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+ - Oldest human genome reveals when our ancestors had sex with Neandertals-> 1

Submitted by sciencehabit
sciencehabit (1205606) writes "DNA recovered from a femur bone in Siberia belongs to a man who lived 45,000 years ago, according to a new study. His DNA was so well preserved that scientists were able to sequence his entire genome, making his the oldest complete modern human genome on record. Like present-day Europeans and Asians, the man has about 2% Neandertal DNA. But his Neandertal genes are clumped together in long strings, as opposed to chopped up into fragments, indicating that he lived not long after the two groups swapped genetic material. The man likely lived 7000 to 13,000 years after modern humans and Neandertals mated, dating the mixing to 52,000 to 58,000 years ago, the researchers conclude. That’s a much smaller window than the previous best estimate of 37,000 to 86,000 years ago."
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+ - Astronomers discover two new families of alien comets->

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sciencehabit (1205606) writes "Comets whizzing beyond our solar system made a big splash last year when astronomers discovered that they could be as common as alien planets. Now, for the first time, researchers have surveyed a large population of these “exocomets” around the young star Beta Pictoris. In the process, they uncovered a tale of two comet families that might help explain how planetary systems like our own formed."
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+ - Fiber optics in Antarctica will monitor ice sheet melting->

Submitted by sciencehabit
sciencehabit (1205606) writes "Earth is rapidly being wired with fiber-optic cables—inexpensive, flexible strands of silicon dioxide that have revolutionized telecommunications. They’ve already crisscrossed the planet’s oceans, linking every continent but one: Antarctica. Now, fiber optics has arrived at the continent, but to measure ice sheet temperatures rather than carry telecommunication signals. A team of scientists using an innovative fiber-optic cable–based technology has measured temperature changes within and below the ice over 14 months. This technology, they say, offers a powerful new tool to observe and quantify melting at the base of the West Antarctic Ice Sheet, the collapse of which may help drive a worldwide increase in sea levels of more than 3 meters."
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+ - NASA snaps first-ever pic of a long-period comet's core->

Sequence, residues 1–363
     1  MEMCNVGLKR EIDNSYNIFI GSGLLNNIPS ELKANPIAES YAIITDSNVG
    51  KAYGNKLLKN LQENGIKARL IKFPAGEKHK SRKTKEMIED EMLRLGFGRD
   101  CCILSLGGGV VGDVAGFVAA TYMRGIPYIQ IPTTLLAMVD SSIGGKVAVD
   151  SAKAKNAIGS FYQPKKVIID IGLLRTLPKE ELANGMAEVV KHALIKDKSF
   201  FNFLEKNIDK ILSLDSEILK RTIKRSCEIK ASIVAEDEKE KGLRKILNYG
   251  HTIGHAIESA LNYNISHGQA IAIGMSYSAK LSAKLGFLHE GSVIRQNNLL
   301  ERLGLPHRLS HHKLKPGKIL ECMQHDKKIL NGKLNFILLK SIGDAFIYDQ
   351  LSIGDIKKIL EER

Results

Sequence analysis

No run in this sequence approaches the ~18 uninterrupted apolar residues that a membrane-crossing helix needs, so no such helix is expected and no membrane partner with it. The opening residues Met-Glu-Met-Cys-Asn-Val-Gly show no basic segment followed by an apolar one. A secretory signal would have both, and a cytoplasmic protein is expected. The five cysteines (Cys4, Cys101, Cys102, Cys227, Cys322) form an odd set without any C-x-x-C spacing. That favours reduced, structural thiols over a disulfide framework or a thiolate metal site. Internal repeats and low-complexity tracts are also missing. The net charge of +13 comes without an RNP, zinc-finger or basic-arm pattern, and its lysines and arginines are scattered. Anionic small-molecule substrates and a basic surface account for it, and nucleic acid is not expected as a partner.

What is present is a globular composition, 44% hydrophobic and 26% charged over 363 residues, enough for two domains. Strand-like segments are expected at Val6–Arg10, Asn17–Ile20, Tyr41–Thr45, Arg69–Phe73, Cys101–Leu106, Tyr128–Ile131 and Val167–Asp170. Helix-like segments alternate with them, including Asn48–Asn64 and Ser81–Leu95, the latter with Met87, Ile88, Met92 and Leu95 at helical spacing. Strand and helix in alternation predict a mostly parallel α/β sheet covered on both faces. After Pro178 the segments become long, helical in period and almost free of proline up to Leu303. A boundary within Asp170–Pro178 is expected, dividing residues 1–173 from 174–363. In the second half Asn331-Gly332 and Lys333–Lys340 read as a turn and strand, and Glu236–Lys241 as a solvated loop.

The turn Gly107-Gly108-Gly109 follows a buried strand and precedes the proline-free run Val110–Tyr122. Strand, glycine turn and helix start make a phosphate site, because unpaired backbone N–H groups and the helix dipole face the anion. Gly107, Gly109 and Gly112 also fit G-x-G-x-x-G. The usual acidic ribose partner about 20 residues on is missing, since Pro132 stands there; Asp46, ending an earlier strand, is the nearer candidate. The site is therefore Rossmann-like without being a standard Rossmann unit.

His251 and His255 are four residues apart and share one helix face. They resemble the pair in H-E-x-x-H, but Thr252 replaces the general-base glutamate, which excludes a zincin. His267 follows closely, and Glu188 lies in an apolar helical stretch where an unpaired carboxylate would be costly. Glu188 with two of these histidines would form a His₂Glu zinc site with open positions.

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sciencehabit (1205606) writes "Planetary scientists have lifted the veil from the comet Siding Spring, which brushed past Mars on 19 October. NASA has now released an image of the comet’s nucleus, the part that is usually hidden in a cloud of gas and dust. The image was taken by the Mars Reconnaissance Orbiter at a distance of 138,000 kilometers, or nearly a third of the distance between Earth and the moon. It is the first-ever picture of a nucleus of a long-period comet, one that hails on an orbit of a million years or more from the Oort cloud, a distant region of trillions of comets."
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+ - Smart battery tells you when it's about to explode->

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sciencehabit (1205606) writes "Material scientists have found a clever way to alert users of damaged batteries before any hazard occurs. A typical lithium-ion cell consists of a lithium oxide cathode and a graphite anode, separated by a thin, porous polymer sheet that allows ions to travel between the electrodes. When the cell is overcharged, microscopic chains of lithium, called “dendrites,” sprout from the anode and pierce through the polymer separator until they touch the cathode. An electrical current passing through the dendrites to the cathode can short-circuit the cell, which causes overheating and, in some cases, fire. Attempts to stop dendrite formation have met with limited success, so the researchers tried something different. They built a “smart” separator by sandwiching a 50-nanometer thin copper layer between two polymer sheets and connecting the copper layer to a third electrode for voltage measurement. When the dendrites reach the separator, the voltage between the anode and the copper layer drops to zero, alerting users that they should change the damaged battery while it is still operating safely—disaster averted."